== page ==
As we’ve mentioned a few times, Saha Global recently fully transitioned the management of our Ghana operations to our amazing Ghana team. During that transition, we also overhauled our monitoring process. With the help of our new Board Member, Mark Moeremans, we thought long and hard about the data that we collect when we monitor our water and solar businesses, what we use that data for, and how we communicate the results to our supporters around the world. In Mark’s blog post, we showed a sneak peek of our new monitoring spreadsheet, but we wanted to wait a couple months before posting regular updates to ensure that we would actually have enough data for the results to be meaningful. Well, a few months have passed and we are excited to start sharing our monitoring reports with all of you! This page is where you will be able to find all of our data from the field. Later this week, we’ll be posting our reports from February, March and April. After that, we’ll post a new update each month. If you are looking for reports from before 2015, you can head to our old monitoring page here.
Now, I would like to re-introduce one of our awesome managers, Eric Angkosaala. We thought that Eric would be the perfect person to describe just how our monitoring process has changed and what those changes mean for our Ghana team. Take it away, Eric!
A typical week for a staff starts on Monday at 6:30am at the Saha office. The Staff look on our updated whiteboard board to see which villages might need immediate attention. We grab supplies we might be running low on like Aquatabs, taps, glue, thread tape etc. We also take along safe storage buckets, lamps, batteries, etc. to the villages who demanded for them, either to buy or if there was a new family in the community who had not yet received one. We then head out to our respective villages. We get back from the field in the afternoon to meet at the office where we report to Shak about our day and update the board. We do this Monday to Friday. We sometimes go to field on Saturday when there is a pressing problem, like a leaky polytank. We go to help the women fix such problems as soon as we can, or else all the water would drip out and the women’s time and energy would be wasted. On Fridays at 3 pm, we sit for a staff meeting to discuss issues that happened during the week and talk on how to solve problems that might have developed that week and plan for the future.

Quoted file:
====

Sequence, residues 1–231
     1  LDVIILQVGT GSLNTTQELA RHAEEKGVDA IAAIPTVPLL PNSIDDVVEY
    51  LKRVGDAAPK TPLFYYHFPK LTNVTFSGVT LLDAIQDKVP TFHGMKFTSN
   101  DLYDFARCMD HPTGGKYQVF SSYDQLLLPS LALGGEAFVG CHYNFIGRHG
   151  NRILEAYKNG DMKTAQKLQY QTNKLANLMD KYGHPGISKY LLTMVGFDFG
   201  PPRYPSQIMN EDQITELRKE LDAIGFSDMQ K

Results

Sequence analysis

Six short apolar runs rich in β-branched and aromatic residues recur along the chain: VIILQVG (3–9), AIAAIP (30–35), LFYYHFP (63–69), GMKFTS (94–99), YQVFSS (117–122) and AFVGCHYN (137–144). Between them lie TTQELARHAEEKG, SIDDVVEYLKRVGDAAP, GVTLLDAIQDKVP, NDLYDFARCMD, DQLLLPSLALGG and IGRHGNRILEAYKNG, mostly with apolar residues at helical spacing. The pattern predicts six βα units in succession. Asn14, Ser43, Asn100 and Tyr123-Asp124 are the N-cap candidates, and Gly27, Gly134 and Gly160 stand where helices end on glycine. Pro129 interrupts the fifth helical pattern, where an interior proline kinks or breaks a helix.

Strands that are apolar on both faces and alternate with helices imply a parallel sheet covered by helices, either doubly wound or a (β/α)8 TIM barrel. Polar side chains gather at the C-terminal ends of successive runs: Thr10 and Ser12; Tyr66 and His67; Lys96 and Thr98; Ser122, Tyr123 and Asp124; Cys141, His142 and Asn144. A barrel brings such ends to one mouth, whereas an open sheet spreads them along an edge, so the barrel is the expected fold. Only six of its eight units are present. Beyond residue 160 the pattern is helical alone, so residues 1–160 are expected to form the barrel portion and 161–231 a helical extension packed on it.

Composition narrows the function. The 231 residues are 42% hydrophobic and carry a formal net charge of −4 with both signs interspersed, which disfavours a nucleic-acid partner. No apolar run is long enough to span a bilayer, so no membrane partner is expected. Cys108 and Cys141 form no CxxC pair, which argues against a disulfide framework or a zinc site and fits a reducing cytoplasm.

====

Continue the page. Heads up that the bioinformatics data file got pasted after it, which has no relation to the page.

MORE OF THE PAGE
Usually, we monitor three villages in a day, but that depends. Sometimes we only stop in two villages because, there might be a problem and we have to spend extra time on that problem village to try and fix the issue before leaving. Sometimes, we visit four villages in a day, because things were great in those villages or those villages are close to each other.
When we get to a village our first stop is at the water center, where we check if there is treated water in the polytank and what level the water is at. We also check the blue drums to see whether there is dugout water or water has been treated with alum and ready to scoop. We also check the polytank to make sure there is no leakage. If there is a problem, we try to work with the women entrepreneurs to fix it. If we can’t figure it out then, we take down notes to discuss with Shak and the team.